Seminar: Nikolas Bakirtzis
The historic core of the Cypriot capital of Nicosia is still defined by the iconic circular fortifications erected by the Venetians in the 16th century. These walls constitute the most important monument for a city whose layered heritage is today torn between the two sides of the infamous “Green Line” that since 1974 has divided Nicosia between the Greek-Cypriot South and the Turkish-Cypriot North. The city’s medieval past is entangled with the political complexities and the physical division of the present. Yet, it is Nicosia’s heritage, such as its fortifications, that stubbornly proclaims its spatial and cultural integrity as one entity.
This talk will address aspects of Nicosia’s history, the preservation and definition of its heritage by the British in the early 20th century, the challenges of the contemporary division, and the ways digital technologies can help efforts to understand the layered complexities of historic cities. It is important to note that the complex urban environment of Nicosia has been the focus of research and educational synergies between the Cyprus Institute and the University of Illinois: NCSA’s Advanced Visualization Laboratory is a key partner in the visualization of heritage in Nicosia; UIUC’s Department of Landscape Architecture and the Science and Technology in Archaeology and Culture Research Center of the Cyprus Institute co-lead a Getty Foundation Connecting Art Histories program concentrating on historic cities in the Mediterranean; a Landscape Architecture studio course (spring 2019) visited Nicosia and is currently completing student projects addressing the complex urban realities of the city.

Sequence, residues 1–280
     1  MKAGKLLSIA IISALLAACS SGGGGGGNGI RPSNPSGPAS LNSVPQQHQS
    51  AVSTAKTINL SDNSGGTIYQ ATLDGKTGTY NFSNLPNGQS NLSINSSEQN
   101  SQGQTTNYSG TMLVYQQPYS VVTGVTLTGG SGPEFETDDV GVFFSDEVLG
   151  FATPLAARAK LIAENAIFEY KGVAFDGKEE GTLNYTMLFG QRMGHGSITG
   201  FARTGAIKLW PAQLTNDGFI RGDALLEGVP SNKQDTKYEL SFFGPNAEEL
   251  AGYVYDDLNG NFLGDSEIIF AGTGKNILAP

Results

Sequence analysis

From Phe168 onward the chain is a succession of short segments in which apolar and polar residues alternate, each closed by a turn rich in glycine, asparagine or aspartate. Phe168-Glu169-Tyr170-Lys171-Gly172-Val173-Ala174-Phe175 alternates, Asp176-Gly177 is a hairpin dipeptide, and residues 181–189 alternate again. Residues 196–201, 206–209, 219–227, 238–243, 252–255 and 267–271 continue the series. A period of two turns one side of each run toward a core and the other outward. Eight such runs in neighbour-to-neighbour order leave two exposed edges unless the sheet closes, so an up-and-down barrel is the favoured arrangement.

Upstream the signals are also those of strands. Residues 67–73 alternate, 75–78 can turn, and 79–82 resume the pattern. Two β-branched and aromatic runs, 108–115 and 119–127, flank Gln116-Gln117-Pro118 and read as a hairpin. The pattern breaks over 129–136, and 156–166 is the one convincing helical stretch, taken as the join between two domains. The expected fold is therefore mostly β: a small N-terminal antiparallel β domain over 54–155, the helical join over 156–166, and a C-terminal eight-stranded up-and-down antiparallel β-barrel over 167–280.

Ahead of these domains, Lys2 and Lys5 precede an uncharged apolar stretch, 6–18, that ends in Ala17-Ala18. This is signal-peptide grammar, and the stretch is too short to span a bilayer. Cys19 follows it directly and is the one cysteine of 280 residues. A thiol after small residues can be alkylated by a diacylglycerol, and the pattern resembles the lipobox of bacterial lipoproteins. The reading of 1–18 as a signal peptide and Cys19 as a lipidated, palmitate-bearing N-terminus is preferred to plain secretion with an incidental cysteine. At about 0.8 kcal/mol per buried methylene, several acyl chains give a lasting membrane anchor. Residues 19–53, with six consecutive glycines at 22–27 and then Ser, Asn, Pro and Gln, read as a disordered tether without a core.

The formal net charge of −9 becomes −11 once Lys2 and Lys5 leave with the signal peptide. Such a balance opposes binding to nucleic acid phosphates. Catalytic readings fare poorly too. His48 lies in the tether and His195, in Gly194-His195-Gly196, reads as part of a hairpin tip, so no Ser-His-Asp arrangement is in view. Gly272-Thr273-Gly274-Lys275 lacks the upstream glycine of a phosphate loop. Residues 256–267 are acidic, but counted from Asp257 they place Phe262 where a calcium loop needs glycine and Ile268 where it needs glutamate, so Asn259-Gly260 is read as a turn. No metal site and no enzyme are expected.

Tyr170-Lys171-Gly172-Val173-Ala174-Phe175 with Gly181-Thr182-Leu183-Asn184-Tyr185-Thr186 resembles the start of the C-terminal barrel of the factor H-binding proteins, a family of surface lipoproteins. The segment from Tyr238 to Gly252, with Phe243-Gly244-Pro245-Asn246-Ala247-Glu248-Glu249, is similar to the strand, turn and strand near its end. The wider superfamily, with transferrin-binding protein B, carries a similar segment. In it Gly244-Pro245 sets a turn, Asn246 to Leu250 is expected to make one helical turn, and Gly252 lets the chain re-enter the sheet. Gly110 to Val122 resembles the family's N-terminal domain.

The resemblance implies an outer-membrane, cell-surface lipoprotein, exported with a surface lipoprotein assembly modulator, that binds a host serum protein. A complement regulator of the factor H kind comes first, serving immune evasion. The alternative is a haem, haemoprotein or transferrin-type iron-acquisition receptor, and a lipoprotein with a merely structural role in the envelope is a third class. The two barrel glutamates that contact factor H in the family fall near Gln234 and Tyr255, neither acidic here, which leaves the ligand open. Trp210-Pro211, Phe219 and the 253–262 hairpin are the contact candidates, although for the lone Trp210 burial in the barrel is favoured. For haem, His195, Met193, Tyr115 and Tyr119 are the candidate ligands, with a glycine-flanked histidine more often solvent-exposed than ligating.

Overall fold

National Center for Supercomputing Applications
Department of Landscape Architecture
Humanities Research Institute at Illinois